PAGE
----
Magazine article Screen International

'Victor Frankenstein': Review

Magazine article Screen International

'Victor Frankenstein': Review

Article excerpt

Dir. Paul McGuigan. US/UK. 2015. 109mins.

This bracingly gruesome revisionist spin on Mary Shelley's classic gothic novel has no truck with Victorian propriety - it's all about visceral thrills. Think steampunk gross-out; a version of the Frankenstein story which brings to the fore the body horror which lurks at the heart of the book. Early on, there's a sequence featuring James McAvoy siphoning 18 years worth of accumulated pus out of Daniel Radcliffe's back. It's a staggeringly repulsive moment. But then director Paul McGuigan further twists the knife, adding a gleeful and horrible punchline to the scene. With this moment, he sets out his store.

The casting of James McAvoy and Daniel Radcliffe as, respectively, the idealistic but deranged scientist Frankenstein and his loyal sidekick Igor will ensure considerable audience interest. But while the film should earn plaudits for its visual impact and unflinchingly macabre approach, the fact that the character development plays second place to the spectacle may hamper the film's prospects in the long term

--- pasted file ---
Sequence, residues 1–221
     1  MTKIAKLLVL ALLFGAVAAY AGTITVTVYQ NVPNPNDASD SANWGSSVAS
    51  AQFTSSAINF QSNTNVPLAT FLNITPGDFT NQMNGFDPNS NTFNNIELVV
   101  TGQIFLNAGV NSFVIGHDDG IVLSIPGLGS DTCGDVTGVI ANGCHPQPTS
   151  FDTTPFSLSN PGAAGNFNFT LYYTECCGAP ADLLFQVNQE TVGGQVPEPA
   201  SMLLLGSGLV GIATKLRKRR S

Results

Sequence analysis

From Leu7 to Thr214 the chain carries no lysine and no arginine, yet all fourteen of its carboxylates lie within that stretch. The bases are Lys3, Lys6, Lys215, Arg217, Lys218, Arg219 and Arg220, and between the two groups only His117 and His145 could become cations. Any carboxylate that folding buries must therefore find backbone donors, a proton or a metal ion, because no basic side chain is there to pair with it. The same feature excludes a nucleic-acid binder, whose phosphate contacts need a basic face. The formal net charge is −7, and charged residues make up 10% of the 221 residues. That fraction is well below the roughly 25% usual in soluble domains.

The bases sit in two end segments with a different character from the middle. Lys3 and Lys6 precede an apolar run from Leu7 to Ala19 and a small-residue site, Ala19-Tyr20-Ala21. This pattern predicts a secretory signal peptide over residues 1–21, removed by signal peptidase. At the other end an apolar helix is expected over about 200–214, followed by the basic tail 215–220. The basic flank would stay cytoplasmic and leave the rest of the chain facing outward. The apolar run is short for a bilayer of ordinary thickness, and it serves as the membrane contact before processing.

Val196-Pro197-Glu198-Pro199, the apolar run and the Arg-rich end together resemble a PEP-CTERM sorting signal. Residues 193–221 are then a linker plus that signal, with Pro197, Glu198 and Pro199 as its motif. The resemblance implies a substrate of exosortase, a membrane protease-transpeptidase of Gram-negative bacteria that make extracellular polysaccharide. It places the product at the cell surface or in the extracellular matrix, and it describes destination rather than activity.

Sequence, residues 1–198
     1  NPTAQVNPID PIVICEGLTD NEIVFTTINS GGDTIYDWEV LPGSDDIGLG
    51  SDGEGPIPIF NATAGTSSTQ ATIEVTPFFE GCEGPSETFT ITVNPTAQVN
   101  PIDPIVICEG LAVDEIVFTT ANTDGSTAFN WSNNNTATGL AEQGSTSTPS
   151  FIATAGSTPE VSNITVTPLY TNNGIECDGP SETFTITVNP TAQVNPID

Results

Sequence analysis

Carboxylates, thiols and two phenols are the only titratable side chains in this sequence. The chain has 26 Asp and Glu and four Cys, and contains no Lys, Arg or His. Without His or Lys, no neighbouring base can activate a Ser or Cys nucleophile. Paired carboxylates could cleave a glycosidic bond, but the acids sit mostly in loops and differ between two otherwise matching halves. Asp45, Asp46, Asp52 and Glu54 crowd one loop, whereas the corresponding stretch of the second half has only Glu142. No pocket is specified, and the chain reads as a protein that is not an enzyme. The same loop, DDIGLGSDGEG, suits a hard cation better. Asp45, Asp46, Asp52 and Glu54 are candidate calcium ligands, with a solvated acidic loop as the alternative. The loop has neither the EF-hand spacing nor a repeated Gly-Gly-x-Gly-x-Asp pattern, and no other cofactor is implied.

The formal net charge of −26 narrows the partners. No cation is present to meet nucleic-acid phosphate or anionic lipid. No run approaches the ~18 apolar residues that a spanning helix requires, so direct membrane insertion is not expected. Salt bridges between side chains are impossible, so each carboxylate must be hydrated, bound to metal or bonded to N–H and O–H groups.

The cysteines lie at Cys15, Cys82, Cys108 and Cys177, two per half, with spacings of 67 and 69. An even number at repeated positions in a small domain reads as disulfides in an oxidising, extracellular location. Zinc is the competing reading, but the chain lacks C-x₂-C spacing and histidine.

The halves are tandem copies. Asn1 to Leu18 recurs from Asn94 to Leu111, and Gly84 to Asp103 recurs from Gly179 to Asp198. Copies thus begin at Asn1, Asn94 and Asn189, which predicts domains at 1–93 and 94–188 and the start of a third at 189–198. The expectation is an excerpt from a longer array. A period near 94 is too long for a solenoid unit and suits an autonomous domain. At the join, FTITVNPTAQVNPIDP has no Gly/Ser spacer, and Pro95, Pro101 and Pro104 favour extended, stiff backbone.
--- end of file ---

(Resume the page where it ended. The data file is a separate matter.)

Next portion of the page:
We are introduced to Radcliffe's character before he becomes 'Igor'. Initially, he is a nameless hunchback, enslaved to a ruthless circus owner and bullied relentlessly by the other performers. But he is also the circus doctor – an autodidact anatomist who fills his spare moments, when not being booted in the behind and dunked in buckets of water, crafting detailed pen drawings of the human body's inner workings. McGuigan animates these drawings, laying them over the characters and turning them into living scientific specimens. Igor is particularly interested in the circus trapeze artist Lorelei (Jessica Brown), both as a perfect physiological specimen and as an unrequited romantic ideal.

When Lorelei is critically injured, the hunchback medical genius meets the man who will give him a new life. …

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